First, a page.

Residential rents in Dubai are coming down with the preliminary data analysed by Phidar Advisory for the first half of Q3 2014 showing average lease rates falling 2.9 per cent for apartments and 5.6 per cent for single family home (villas).
“Although the market is technically undersupplied, rent inflation has slowed. This is likely due to ambitious expectations in H1-2014 that pushed up asked rents beyond affordability constraints. Housing demand is relatively elastic, but alternatives, like sharing and relocation to other emirates, exist and form an – albeit pliable – ceiling,” the Dubai-based property consultancy said in a new report.
Year-on-year, however, rents are up.
Nominal average apartment lease and SFH rates are up 14.9 per cent and 0.9 per cent in first half of Q3-2014 compared to Q3-2013.
For the apartments tracked, Q3 nominal rates remained resilient in beach front communities such as Jumeirah Beach Residence (1.0 per cent) and Shoreline (2.7 per cent). For SFHs, Palm Jumeirah and Jumeirah Islands showed positive signs with 3.3 per cent growth in nominal rates, while other communities declined.
Based on transaction data from the first six weeks of Q3 2014, the consultancy reveals nominal prices for single family homes (SFHs - villas) declined four per cent and apartments declined 0.6 per cent.
Apartment and SFH sale price performance varied across Dubai. For apartments, the Greens increased by 0.26 per cent, but Uptown Motor City decreased by 0.94 per cent. For SFHs, Jumeirah Islands declined 8.4 per cent, but the Lakes increased 6.4 per cent.
Stalled project restarting
The slowing prices and lease rates has led to yield compression, Phidar mentions, saying, as many as 30,000 additional units are needed through 2018 to maintain rent stability.
“Residential development opportunities are still ample in Dubai, but the market would benefit exponentially from developer specialisation, particularly in the most under-supplied assets (middle income housing),” the report says.
The consultancy believes that over this period another 15,000 units could be reactivated from stalled projects thereby creating a viable supply gap of as much as 20,000 units.
The report forecasts housing demand by correlating gross domestic product (GDP) growth with job creation by industry ad these projections use a conservative demand scenario based on a 5-year average GDP growth of 3.6 per cent.
The International Monetary Fund has said even if the global economy slows, Dubai can still achieve 3.5 per cent average GDP growth, but, if the global economy remains robust, Dubai’s average GDP can reach 5.6 per cent. The conservative GDP projections result in a population compound annual growth rate (CAGR) of 5.5 per cent and a residential housing demand CAGR of 3.7 per cent.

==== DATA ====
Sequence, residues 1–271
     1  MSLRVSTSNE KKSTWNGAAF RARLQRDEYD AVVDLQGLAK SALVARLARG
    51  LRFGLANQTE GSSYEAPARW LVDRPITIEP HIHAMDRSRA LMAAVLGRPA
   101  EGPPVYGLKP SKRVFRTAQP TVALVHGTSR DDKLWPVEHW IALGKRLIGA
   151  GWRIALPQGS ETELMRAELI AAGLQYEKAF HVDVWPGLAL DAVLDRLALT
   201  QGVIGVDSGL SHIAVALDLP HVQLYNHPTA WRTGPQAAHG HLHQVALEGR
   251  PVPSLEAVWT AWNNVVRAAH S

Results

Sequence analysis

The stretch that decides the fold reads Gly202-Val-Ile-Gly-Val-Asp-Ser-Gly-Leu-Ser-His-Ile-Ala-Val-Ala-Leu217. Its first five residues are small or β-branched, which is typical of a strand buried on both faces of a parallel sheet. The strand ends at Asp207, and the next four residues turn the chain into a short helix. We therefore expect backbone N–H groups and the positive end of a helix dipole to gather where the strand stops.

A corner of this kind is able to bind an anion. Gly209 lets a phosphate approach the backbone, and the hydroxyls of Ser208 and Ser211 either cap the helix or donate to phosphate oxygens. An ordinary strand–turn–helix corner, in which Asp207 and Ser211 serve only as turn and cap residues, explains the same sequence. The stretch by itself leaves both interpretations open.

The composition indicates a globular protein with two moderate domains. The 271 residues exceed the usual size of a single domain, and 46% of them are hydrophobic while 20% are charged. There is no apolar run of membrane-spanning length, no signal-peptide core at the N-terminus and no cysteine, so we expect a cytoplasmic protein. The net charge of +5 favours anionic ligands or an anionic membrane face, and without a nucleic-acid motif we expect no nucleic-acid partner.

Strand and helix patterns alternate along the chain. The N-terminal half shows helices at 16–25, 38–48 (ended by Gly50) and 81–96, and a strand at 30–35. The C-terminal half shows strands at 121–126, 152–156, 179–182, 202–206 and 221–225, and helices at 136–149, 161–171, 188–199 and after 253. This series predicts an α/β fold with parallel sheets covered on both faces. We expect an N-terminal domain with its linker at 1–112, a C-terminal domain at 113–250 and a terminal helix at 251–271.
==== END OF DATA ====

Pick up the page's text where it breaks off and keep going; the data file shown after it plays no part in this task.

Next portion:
In April, HSBC Global Research said Dubai will see a supply of 90,000 new units by 2018, but the market will absorb – fairly easily — the new supply even if the population grows less than 5 per cent per year.
“We believe that we have not yet reached the peak of the cycle, and that the market can continue to absorb the expected supply additions over the next few years, even at a population growth rate below 5 per cent,” the global bank had said.
Dubai Statistics Centre’s data shows the non-labour population rose by over 7 per cent in 2012 and 2013, while the number of households grew by 7.6 per cent in both years.
The report says it is time for developers to focus on providing affordable housing, especially for middle-income expatriates.
“Development trends are tapping into Dubai’s relatively top heavy income distribution (compared to other mature markets) and second home demand, but it is not adequately addressing supply gaps for the main drivers of Dubai economy: middle income expatriate residents,” the report says.
“This trend should be a serious concern for business owners and government bodies: rapid rent inflation increases labor costs and can stymie job and real economic growth.”
Many of the developers are still far away from announcing affordable houses, Emirates 24|7 did reported earlier that Tasweek, an Abu-Dhabi-based developer, had finalised plans to sell two-bedroom townhouse in the country for Dh650,000.
(Read: Affordable housing in UAE: Townhouses for AED650,000)
Phidar says long-term capital appreciation is foreseeable for some assets, the current supply trend and affordability constraints pose challenges to sustained long-term growth.
“Based on current market dynamics, short term speculation is the factor that could fuel further sale price appreciation. Long-term capital appreciation is certainly foreseeable for some assets, but considering demographics, affordability and depreciation, it will be difficult to sustain real capital appreciation across all areas, asset types, and qualities. In other words, another round of price bifurcation is on the horizon,” the report adds.